The Common Change that affects Eyesight with Age

The Common Change that affects Eyesight with Age

Aging is a natural process. From the moment we are born, we start aging. For a while we grow, our body matures, it maintains itself, and then gradually, some functions begin to wane in older age. One of the most common changes that older adults experience is vision loss or problems. A 2013 report by the American Foundation for the Blind found that 12 percent of adults aged 45 to 64 reported losses of vision. This proportion increased in subsequent decades, with 12 percent of adults aged 65 to 74 and 15 percent of adults aged 75 and older reporting vision loss.

There are several age-related changes that occur in the eyes that can lead to vision loss. When driving, older adults may see more of a glare coming off cars and windows. Colors may begin to distort, which makes it harder to distinguish between certain colors. Often older adults tend to need more light when reading, especially when reading up close. Reading at a close distance also becomes harder for older adults due to the eye’s inability to focus on close images, a condition called presbyopia. Presbyopia becomes noticeable in the mid 40s and continues into the 60s as the eye undergoes a natural loss of focus.

Presbyopia and the Eye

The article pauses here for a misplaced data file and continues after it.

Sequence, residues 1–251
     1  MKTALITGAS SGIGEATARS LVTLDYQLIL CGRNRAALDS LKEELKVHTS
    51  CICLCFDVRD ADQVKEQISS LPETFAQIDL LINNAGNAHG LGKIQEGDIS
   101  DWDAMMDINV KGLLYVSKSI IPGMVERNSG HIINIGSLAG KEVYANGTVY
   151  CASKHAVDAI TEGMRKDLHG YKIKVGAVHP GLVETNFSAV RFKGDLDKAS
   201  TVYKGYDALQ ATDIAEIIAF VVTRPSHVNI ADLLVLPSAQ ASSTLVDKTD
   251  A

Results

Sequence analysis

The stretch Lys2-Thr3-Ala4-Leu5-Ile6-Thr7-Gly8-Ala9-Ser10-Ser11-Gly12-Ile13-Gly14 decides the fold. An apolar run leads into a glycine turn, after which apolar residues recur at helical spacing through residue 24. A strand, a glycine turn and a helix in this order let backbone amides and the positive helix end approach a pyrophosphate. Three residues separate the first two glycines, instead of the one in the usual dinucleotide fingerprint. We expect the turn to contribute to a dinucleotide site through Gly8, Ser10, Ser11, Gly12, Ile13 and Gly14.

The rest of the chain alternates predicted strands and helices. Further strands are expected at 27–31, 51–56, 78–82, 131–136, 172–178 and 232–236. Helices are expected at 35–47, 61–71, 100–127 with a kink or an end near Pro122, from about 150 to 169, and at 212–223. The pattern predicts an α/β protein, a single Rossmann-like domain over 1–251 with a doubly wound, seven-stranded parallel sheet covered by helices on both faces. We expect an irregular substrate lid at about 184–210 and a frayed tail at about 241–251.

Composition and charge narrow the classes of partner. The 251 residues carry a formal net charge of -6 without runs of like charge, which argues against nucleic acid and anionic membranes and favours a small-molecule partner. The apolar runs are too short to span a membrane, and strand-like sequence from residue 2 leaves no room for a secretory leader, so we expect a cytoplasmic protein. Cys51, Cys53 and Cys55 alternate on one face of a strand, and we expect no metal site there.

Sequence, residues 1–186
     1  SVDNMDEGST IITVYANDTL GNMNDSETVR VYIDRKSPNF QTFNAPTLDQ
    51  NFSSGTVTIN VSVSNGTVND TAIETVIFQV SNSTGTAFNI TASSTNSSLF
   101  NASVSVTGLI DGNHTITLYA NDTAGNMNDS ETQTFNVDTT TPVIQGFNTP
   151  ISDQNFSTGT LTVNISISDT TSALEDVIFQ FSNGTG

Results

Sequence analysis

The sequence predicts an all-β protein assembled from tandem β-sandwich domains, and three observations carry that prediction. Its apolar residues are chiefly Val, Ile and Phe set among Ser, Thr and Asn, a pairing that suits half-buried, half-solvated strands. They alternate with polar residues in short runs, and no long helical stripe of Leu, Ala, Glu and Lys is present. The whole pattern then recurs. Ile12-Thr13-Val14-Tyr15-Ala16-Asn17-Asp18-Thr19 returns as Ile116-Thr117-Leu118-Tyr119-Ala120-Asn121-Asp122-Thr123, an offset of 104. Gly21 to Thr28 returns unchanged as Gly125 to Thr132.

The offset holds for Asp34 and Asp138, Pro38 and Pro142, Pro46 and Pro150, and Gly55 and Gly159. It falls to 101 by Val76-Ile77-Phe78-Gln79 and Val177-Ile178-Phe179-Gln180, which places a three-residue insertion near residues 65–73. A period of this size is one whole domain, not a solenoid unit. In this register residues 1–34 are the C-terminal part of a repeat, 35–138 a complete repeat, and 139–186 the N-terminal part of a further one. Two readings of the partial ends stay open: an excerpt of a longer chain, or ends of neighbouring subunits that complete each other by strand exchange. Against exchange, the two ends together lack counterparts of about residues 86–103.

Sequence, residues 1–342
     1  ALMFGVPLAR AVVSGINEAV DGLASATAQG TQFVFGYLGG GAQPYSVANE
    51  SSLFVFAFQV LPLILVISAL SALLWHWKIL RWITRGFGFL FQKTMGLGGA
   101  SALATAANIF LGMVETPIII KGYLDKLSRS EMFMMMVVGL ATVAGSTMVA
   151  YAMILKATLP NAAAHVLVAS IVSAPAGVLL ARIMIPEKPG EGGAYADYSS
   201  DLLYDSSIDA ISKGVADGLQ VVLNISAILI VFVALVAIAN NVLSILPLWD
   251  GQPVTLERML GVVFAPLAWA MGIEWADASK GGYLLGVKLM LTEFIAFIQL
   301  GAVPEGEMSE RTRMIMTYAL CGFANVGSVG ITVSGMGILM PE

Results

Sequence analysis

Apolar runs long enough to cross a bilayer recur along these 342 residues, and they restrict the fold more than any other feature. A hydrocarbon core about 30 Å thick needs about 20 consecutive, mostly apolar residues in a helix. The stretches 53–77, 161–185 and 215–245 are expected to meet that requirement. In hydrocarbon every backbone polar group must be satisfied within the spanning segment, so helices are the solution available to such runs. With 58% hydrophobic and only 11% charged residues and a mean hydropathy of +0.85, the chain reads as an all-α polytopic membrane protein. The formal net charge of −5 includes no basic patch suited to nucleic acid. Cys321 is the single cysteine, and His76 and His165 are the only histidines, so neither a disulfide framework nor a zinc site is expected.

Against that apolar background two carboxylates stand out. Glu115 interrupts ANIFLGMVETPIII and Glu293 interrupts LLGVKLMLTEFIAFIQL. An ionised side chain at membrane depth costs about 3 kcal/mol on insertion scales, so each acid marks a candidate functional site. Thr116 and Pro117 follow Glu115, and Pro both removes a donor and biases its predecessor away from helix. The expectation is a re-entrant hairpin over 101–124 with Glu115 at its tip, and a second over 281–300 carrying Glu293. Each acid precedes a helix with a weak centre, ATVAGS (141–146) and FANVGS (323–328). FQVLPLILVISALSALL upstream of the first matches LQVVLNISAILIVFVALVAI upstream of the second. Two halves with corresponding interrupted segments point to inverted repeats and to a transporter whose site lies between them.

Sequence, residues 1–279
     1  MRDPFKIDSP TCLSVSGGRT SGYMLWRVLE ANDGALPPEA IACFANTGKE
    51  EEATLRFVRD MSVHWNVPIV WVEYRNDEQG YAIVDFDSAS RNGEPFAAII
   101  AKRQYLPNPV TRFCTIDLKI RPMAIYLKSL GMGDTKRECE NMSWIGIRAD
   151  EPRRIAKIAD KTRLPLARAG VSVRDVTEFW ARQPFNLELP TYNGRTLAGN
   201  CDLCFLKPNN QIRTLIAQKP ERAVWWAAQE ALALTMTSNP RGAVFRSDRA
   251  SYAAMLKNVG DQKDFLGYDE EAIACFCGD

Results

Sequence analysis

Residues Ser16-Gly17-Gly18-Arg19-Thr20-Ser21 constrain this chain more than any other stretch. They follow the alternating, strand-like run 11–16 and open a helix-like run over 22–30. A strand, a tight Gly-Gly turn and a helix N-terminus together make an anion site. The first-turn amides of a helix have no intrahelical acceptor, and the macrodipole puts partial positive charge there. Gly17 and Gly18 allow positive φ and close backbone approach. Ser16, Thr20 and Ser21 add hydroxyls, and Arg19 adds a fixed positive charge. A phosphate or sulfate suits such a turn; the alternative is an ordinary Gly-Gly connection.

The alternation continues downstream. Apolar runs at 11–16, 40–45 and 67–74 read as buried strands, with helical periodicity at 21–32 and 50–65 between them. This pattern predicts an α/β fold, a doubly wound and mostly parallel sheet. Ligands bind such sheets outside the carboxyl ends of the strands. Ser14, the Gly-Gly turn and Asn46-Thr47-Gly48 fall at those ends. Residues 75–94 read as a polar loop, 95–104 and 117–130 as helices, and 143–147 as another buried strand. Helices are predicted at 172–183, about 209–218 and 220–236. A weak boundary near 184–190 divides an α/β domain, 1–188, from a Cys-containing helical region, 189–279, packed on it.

The eye, although small, is quite complicated and delicate. The main parts of the eye that are involved in presbyopia are the corona and the lens. The corona, or the outermost part of the eye, is clear and dome-shaped. The corona refracts light that hits the eye and bends it. The lens is behind the iris and the pupil, and it works in conjunction with the corona. The lens is synonymous with a camera lens that focuses what you are seeing into a sharp, crisp, and clear image. It is flexible so that when you are looking at something far away, the muscles attached to the lens relax, but when you look at something close to you, the muscle constricts. Over time, the lens starts to naturally harden, which limits its ability to constrict. This makes it easier to see objects that are farther away, and objects up close to appear out of focus. This is the basic premise of presbyopia, though the condition is marked by several other normal changes in vision.

Symptoms of Presbyopia 

  1. Floaters: Small black or white flecks that float in and out of your field of vision.  They are caused by fluid in the eye that is produced as the body ages. Floaters aren’t a reason to worry. However, if you see more than normal or your vision starts flashing, it’s important to see an optometrist. You may have a retinal tear.
  2. Headaches when reading up close.
  3. Difficulty reading small print.
  4. Needing to hold reading materials an arm’s length away from the face.

If you notice any of these changes in yourself, don’t worry, it’s fixable! A trip to the optometrist for contact lenses, a pair of glasses, or a discussion about surgery will do the trick.

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ABOUT THE AUTHOR

Grace Weintrob is a junior majoring in Communication Studies with a minor in Stage, Sports, and Film Production at CSU. She is currently working as the digital media intern for the Columbine Health Systems Center for Healthy Aging.